Organisations around the world are now more willing to invest in IT, according to a survey by Gartner. But those in the Asia Pacific region are a little bit more bullish, with more than 72 per cent of respondents saying they will invest 10 per cent more than this year's budget.
The worldwide survey of more than 1,500 IT leaders in 40 countries revealed that 39 per cent of global respondents said they would increase their IT budgets next year. But more respondents from the Asia Pacific region, at 44 per cent, said they would do so too with most of the budget going to enterprise software implementations and upgrades.
The results are significant as they can indicate that countries are recovering from years of economic uncertainty. But Gartner also explained that the Asia Pacific region may be quick to recover because it was not as hard hit as the rest of the world.
"Following two years of tumultuous change and uncertainty, IT budgets will increase modestly in 2011; however, responses indicate that the 'new normal' is as much about where the money is going as how much is available," said Derry Finkeldey, principal research analyst at Gartner. "The Asia Pacific was not as hard hit as other regions by the economic downturn and the region is resilient, currently experiencing a return to growth."
Despite the seeming bullishness in IT investing in the region, a closer look at IT investment plans reveals that organisations are not yet trying out recent industry trends, such as the much-hyped cloud computing. On the contrary, most respondents said their investments will go to traditional IT spending such as software licences and upgrades, including productivity and CRM software.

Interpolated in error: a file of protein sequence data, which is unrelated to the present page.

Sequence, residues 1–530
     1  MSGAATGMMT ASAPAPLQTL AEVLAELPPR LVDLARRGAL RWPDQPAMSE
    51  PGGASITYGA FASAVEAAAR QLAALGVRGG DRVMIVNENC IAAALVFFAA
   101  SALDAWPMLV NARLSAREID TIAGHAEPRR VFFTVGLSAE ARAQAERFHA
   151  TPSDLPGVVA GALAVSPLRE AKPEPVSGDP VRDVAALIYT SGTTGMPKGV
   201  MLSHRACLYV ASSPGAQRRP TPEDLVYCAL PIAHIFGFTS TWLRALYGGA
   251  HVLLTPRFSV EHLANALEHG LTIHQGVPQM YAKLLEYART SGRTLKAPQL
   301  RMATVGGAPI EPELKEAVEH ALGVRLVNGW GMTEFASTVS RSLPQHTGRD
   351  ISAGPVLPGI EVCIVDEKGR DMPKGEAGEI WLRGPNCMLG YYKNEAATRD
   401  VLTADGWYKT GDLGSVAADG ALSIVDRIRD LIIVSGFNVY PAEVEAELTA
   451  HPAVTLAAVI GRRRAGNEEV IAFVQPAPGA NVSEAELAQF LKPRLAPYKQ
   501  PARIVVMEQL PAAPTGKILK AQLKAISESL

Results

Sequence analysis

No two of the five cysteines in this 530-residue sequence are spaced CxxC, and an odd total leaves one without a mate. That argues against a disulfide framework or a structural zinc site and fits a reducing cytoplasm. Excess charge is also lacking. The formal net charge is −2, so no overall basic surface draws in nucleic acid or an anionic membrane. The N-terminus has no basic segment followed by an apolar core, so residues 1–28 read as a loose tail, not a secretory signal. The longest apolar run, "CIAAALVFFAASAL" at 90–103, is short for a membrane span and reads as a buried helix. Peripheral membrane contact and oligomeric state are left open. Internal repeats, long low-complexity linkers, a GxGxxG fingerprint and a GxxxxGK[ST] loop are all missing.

For the region, 23 per cent of the IT budgets earmarked for next year are intended for enterprise software while 35 per cent will go to new licences, the survey revealed. Meanwhile, 83 per cent of respondents said they will spend their IT budgets on office and productivity software while 63 per cent said they will invest in CRM applications.
"It would appear from the results of the survey that the worst of the recession is over on a global scale; at least for IT software spending anyway," said Finkeldey. "Software spending in the Asia Pacific reflects the upbeat outlook of most enterprises and a strong focus in many industries on improving customer service in an increasingly competitive market place."
However, 63 per cent of respondents in the region said they have not included cloud computing in their budget this year. Still, Gartner's Finkeldey noted that some of this year's IT investments are slowly but surely leading to more IT spending on more recent IT trends in enterprise computing.
"While we are seeing growing interest in cloud computing, most organisations are still learning when it comes to cloud services initiatives," said Finkeldey. "But this doesn't mean they are not thinking about it -- data centre initiatives such as virtualisation are currently higher on the priority list than cloud, but these initiatives are the necessary precursors to a move towards cloud computing. We are seeing that the money is now shifting from traditional IT budget categories to new types of spending."
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